it’s very possible!

                • can nose wiping be attractive?
                  let me conduct a gif research, cough,…

              • i think there is something very romantic about contraltos singing Ottone.. i wondered if it ‘s a combination of very warm sound without tightness/ping, the rather “rounder” movements (contraltos just move very differently!) while synching with their vocal expression, and at times I feel it’s also the more gentle rather than rough approaches physically when/if it comes to “grabbing” or advancing.. so yeah, contraltos make the the character somewhat heroic for me whereas CT perhaps made Ottone whiny and pushy..

                ps- D, you remember i wrote about M-E. Nesi’s way of singing Penelope in Boston that i could not handle and we had a discussion about not calling a singer’s performance “suck” because it’s highly subjective what we can hear/handle? For the record her way of singing that day was the way Vistoli sang the entire video broadcast. I dont think it bothered any of you but it turned me progressively from losing interest to getting angry.. the crying/pouting while singing way which somehow my brain is just unable to process.. (just thought i put it here so you know likely you might have enjoyed ME.Nesi’s Penelope while i wrote those words about her approach..)

                • (contraltos just move very differently!)

                  yes, men and women move differently, so contraltos, even when playing men, retain something more fluid in their movement.

                  when/if it comes to “grabbing” or advancing..

                  I’m curious what you think about Lindsey’s Nerone when s/he shoves Drusilla; I thought it was fairly rough though not annoying. Perhaps rather “firm” than “rough”.

                  her way of singing that day was the way Vistoli sang the entire video broadcast.

                  I see, that explains it. Interesting that she went this way, quite typically countertenorish, I’d say.

                • This convo is really interesting, because, strangely, for me Vistoli’s approach works quite well overall, vocally (!). I have listened to this a lot in the car, but have only seen a bit of the video. I remember the acting approach seemed whiny (but he also looked very handsome, so, who knows how that messes with my audio impression). Somehow for me the voice is not one to get one ones nerves, unlike many other CT voices, and maybe it’s because the role is low. Anik said it might be a bit low for him, but for me, this is better than the CT squealing in higher roles.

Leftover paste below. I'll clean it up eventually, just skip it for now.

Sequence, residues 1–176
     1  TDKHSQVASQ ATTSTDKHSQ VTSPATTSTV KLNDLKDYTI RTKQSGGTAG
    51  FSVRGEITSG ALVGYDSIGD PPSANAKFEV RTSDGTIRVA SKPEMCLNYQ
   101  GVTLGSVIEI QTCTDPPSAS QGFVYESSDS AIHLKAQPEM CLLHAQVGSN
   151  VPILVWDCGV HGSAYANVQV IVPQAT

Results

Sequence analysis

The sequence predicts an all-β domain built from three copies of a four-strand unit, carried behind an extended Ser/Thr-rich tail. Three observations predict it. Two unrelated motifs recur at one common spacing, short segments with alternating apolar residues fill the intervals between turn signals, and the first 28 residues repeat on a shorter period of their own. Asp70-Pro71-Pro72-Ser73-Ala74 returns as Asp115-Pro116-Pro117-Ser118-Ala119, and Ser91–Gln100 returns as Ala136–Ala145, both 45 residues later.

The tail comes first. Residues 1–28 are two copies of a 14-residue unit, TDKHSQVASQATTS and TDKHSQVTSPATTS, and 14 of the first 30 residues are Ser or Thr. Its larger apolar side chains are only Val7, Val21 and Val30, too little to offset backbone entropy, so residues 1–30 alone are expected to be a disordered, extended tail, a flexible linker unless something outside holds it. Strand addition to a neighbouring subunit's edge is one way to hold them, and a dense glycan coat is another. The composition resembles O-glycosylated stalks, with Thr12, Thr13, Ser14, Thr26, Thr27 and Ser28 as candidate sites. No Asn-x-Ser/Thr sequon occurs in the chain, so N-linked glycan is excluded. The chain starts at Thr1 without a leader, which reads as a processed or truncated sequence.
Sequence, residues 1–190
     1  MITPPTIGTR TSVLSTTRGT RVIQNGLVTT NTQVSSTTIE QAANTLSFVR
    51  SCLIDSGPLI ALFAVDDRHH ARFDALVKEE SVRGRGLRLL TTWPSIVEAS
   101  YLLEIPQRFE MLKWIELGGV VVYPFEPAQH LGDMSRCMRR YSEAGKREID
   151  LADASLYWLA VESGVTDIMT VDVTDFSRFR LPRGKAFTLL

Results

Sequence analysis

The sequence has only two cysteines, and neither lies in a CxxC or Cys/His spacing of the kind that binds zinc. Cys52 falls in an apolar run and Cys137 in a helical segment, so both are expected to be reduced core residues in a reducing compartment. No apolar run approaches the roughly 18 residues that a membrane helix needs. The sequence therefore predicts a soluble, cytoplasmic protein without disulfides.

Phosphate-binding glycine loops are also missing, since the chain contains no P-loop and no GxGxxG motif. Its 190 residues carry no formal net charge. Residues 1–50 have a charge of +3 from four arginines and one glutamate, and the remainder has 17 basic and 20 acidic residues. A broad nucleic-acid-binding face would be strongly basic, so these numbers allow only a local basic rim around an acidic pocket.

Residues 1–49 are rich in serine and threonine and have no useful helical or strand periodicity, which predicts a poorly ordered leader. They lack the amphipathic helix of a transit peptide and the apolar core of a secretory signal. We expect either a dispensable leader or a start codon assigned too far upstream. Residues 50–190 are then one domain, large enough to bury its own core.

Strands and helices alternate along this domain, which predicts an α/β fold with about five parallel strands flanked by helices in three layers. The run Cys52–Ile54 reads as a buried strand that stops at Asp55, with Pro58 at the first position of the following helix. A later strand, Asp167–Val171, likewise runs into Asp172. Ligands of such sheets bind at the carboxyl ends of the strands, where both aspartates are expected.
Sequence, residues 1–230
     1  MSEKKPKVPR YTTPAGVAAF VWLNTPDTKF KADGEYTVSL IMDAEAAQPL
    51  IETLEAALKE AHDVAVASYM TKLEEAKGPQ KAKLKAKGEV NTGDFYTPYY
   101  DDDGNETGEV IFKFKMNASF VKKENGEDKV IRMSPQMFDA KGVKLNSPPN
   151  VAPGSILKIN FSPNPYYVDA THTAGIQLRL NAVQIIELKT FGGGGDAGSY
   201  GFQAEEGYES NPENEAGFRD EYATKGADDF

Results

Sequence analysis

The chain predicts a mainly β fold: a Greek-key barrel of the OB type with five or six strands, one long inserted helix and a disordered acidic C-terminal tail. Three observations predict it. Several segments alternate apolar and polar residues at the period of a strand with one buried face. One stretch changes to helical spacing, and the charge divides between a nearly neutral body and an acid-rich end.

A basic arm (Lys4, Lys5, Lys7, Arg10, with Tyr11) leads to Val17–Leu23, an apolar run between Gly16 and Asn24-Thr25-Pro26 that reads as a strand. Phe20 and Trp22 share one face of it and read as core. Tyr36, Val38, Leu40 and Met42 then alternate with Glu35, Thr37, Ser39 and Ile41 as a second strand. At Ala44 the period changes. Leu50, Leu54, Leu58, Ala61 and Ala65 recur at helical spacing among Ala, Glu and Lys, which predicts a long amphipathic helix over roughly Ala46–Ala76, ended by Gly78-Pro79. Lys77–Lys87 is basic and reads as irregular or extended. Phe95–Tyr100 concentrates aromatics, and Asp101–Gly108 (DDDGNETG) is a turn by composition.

Oh , and about “pouting”, I thought you meant something different, we need to discuss this more…I hear “pouting” in Yoncheva in the sense of overdoing phrasing in an erotically charged way, and it can seem constructed, especially if you do it exactly the same way in the repetition.

        • she was on the Mingardo’s duet cd, and posted a pix talking about studying this role, along with the role Annio i think, with SM

  5. “…we really should see [Yoncheva] and Lindsey paired more often.”

    Do you think they would pair well in I Capuleti e i Montecchi? I’d love to hear them in that, especially “Vieni, ah! vieni, in me riposa.”

    • possibly. I think both can sing that, though I’ve never heard Lindsey in belcanto (which is interesting, since I’ve seen her both as Octavian and the Composer already). It’s kind of odd how singers get roles these days.

  6. rereading this one, as well, and UGH YES to the silver blob for the murder attempt… WTF?

    Basically, I am nodding throughout rereading this and chuckling at some stuff I get better now. Seems some of the impressions (singers, space for singing, clearness of direction) also transported independent of where seated!

    • blob: at least you made something of it! It didn’t even occur to me it was a grotto. Oh dear. I mean, why make the grotto ugly? Whatever did Amore do to you, Lauwers?! S/he affects us all, favoured or not by fate.

      • they grotto wasn’t used at all, not even as any kind of background set piece – it was just there. Okay, and Ottone got something to lean against. Is this a painting quote? I am coming up empty.
        And Desandre in a pink tutu didn’t need the grotto, either. And what with the dancing baby…

        • the grotteo, the projections, the dancing baby, the duck hats… it really feels like a production done by workers’ committee “anybody got any (silly) ideas? let’s try them all!”

          to be honest, poor Vistoli’s lack of stage presence sank whatever painting ref that might’ve been.

          • but also kind of hard to emit any kind of sparkle when pushed against all that tack silver aluminum wrap. Sort of the glittery mantis counterpart to Seneca’s coat.

  7. “contraltos, even when playing men, retain something more fluid in their movement.”

    …and particularly when playing men they tend to have a lot of swagger in their movements 🙂